When it comes to strengthening the trade and raising the profile of HVACR, there is one person that has been leading the charge for many years and that’s the president of the Refrigeration and Air Conditioning Contractors Association (RACCA), Kevin O’Shea. Long before the launch of the NextGen program O’Shea was working tirelessly behind the scenes trying to make a difference. O’Shea is hopeful about the future, even after 50 years in the trade and in the following article shares his insights.
Is refrigeration and air conditioning an attractive career choice? Well I have always thought so and over many years I have tried to lift the profile of our industry. The last 4 years I have been testing ways to highlight our industry to the outside world.
The first careers evening I attended was with the Electrotechnology ITAB at a local school and we shared a stand with them. This was an eye opener for me as I saw the money and resources that other industries were throwing at these nights to attract school leavers.
On our stand that night we were trying to attract people to come over and hear about our trade. I must say I left that night disenchanted because to every one visitor to our stand there were would be 30 at the university stands and probably 20 at the armed services stands.
As a parent myself, I know that we tend to push our children into going to university as a first choice; which in a lot of cases turns out to be the wrong choice. How many times have you heard about university graduates that can’t get a job in their chosen studies?
As an employer for over forty years I have seen the standard of tradespeople and apprentices and it has always been a struggle to attract a full complement of applicants that are good, capable apprentices. I am not saying that all are incompetent but I will state that a reasonable percentage are only just employable.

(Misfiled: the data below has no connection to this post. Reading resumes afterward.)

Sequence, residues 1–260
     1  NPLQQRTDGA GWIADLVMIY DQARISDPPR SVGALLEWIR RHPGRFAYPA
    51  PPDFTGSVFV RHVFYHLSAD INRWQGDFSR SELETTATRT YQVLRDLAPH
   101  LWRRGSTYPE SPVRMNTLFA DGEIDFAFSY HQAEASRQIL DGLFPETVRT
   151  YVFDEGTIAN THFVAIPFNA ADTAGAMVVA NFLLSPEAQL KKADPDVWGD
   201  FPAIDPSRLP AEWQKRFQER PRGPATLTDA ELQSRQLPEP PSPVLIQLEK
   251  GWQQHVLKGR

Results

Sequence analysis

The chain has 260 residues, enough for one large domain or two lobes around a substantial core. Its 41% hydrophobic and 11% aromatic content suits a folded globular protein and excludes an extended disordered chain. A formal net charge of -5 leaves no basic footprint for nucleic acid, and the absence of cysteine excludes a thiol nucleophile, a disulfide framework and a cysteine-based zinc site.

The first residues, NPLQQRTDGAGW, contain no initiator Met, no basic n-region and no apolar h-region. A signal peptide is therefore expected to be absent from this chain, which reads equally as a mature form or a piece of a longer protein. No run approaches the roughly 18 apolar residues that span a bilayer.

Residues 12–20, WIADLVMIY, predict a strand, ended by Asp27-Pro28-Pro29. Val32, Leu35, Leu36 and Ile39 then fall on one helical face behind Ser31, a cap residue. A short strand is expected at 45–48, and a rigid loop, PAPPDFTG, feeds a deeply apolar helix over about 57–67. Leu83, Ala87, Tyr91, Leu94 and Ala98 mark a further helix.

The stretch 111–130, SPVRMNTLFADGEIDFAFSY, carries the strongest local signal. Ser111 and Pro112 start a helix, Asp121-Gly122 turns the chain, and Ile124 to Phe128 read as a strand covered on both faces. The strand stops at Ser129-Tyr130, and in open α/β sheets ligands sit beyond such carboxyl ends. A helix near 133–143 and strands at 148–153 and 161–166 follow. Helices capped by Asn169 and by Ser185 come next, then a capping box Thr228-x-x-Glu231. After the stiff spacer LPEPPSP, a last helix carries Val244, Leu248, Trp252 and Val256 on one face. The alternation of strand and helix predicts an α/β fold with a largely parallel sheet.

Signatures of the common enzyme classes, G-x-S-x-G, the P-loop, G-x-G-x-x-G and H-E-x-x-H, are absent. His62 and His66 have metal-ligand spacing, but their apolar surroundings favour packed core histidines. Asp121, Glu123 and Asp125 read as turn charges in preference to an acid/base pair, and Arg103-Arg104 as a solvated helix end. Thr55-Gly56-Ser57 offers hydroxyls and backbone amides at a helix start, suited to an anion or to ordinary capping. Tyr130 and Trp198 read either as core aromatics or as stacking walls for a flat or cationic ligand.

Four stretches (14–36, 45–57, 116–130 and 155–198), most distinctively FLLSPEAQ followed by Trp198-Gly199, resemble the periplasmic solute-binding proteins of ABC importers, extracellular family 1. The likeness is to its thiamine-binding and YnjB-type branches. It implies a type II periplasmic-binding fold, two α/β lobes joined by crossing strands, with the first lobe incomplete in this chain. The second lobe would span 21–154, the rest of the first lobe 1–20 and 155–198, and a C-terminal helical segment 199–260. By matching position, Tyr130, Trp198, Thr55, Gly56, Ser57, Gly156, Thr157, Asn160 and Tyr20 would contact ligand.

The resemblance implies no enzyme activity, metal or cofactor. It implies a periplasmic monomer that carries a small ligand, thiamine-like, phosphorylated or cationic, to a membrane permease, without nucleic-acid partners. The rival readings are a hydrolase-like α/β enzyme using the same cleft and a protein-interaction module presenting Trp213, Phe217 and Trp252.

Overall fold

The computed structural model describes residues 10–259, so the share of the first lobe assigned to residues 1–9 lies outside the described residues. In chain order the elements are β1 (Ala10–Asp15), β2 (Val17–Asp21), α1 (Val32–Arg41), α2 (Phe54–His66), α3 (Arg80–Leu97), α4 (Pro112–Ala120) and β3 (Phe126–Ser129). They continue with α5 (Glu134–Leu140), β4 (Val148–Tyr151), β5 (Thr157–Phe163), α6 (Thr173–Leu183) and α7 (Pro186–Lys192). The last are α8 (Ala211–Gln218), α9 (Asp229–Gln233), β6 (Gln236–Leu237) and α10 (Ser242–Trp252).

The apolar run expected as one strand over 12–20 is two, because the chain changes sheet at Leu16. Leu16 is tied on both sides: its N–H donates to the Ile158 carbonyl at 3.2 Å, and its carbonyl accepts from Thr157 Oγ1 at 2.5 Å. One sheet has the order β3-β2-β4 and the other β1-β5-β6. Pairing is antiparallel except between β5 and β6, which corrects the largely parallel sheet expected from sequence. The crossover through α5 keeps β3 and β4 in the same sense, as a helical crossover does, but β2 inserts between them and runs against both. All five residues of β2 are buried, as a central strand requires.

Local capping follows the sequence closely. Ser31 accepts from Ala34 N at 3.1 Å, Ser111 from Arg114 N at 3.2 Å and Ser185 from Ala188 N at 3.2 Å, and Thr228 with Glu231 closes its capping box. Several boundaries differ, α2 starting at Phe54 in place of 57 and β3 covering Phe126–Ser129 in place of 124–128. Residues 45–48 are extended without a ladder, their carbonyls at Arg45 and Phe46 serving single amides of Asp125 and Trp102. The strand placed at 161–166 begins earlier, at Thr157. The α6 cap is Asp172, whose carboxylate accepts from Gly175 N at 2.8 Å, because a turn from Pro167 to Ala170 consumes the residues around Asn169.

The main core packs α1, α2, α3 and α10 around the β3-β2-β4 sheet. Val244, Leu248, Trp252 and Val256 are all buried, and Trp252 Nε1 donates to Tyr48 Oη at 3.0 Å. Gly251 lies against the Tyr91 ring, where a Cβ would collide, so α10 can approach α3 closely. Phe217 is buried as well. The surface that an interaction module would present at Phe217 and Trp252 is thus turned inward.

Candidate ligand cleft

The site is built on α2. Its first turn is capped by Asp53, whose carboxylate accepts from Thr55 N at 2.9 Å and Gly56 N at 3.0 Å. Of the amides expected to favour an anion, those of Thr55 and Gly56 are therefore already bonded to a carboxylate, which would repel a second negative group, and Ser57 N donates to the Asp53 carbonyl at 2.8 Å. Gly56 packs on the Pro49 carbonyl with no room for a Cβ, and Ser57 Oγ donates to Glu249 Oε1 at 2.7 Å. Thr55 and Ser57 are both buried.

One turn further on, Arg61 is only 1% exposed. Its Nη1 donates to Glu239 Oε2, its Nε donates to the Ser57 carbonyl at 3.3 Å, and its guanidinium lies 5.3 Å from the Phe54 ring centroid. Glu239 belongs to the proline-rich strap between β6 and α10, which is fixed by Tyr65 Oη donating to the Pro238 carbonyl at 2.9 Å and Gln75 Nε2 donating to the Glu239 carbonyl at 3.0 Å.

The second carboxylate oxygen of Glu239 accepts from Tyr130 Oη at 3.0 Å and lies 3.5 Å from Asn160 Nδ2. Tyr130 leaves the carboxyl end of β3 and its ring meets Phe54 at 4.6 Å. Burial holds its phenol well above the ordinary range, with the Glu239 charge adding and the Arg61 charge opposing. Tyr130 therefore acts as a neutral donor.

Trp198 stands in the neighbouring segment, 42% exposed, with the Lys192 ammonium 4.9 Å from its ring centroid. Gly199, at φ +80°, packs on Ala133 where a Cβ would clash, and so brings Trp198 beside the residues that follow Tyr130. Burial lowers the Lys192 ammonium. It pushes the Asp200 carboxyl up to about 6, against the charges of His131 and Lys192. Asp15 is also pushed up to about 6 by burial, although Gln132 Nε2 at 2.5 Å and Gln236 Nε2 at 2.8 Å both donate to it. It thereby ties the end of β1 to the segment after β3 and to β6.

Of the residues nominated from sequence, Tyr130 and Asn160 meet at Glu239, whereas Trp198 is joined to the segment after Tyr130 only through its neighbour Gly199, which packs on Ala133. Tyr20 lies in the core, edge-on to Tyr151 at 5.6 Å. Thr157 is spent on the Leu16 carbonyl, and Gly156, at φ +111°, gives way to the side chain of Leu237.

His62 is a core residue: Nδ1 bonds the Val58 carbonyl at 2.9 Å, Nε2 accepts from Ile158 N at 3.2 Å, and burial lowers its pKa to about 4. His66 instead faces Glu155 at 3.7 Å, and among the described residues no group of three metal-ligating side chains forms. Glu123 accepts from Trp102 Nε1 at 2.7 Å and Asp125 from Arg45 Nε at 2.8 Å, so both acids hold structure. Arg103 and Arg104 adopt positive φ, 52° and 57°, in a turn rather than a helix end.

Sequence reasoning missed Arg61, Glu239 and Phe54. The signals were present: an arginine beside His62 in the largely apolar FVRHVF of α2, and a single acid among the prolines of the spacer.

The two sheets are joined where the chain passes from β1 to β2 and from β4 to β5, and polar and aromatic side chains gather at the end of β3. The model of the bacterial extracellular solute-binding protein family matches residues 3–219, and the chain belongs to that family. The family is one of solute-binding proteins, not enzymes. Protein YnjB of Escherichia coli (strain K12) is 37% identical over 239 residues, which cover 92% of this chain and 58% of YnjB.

I hear stories from TAFE that are frightening. Some of the apprentices will not pass their final year’s capstone exam and some of the new apprentices don’t have the basic maths and English to start their coursework. We have to do something about this and that’s what RACCA is trying to achieve by attending careers nights.
Until I started attending careers events, I did not realise that it is a whole other industry, with some sectors having full time employees dedicated to recruiting young people. Some of these sectors also have big budgets to influence career advisors in steering their students in their direction.
It is very hard to make headway in lifting the profile of our industry when competing with such heavyweights, but if we are not in that space we will become even more invisible to the public. Last year RACCA attended a few careers days (and careers nights) hosted by the schools.
One of these events was hosted by Blacktown City Council called Inspiring Apprentices Careers in Construction. The Blacktown event was well received as we had two female apprentices talking to the students about our trade; it was like a speed dating format where the industry representatives moved from table to table.
At 2018 ARBS we carried out Try-a-Trade with school children, we found this successful and will be bringing it back for 2020 ARBS. The 2020 ARBS Try-a-Trade will have the school children bending and flaring copper.
Refrigerant Reclaim Australia (RRA) are joining us with their Virtual Reality (VR) headsets which will allow the school children to experience a refrigeration system through virtual reality – both RACCA and RRA are really excited about this. The difficult part is getting schools involved as it takes a lot of behind the scenes hard work.
RACCA has been in contact with ASHRAE to find out more about their STEM package for K-12 students. The Americans are focusing on younger children, aged around 11 years old and bringing their awareness to STEM which has some material about our industry. We are keeping an eye on this and if worthwhile will try something similar here in Australia.
Looking at other industries that are successful in attracting students, it can be attributed to a range of factors - it can be parental pressure, the student may work with equipment or be familiar with a particular industry like information technology.
Children from an early age use technology and this familiarity inspires an inclination to ensure their career choice involves computers. Hence, our industry can be introduced through STEM at school to bring about awareness of refrigeration and air conditioning.
The missing link in lifting the profile and attractiveness of our industry is money. As stated earlier, we are competing with industries with deep pockets and as an industry are well behind the eight ball. 2020 will see RACCA try ways to lift our industry profile and hope we can find the key to attracting the right calibre of apprentice.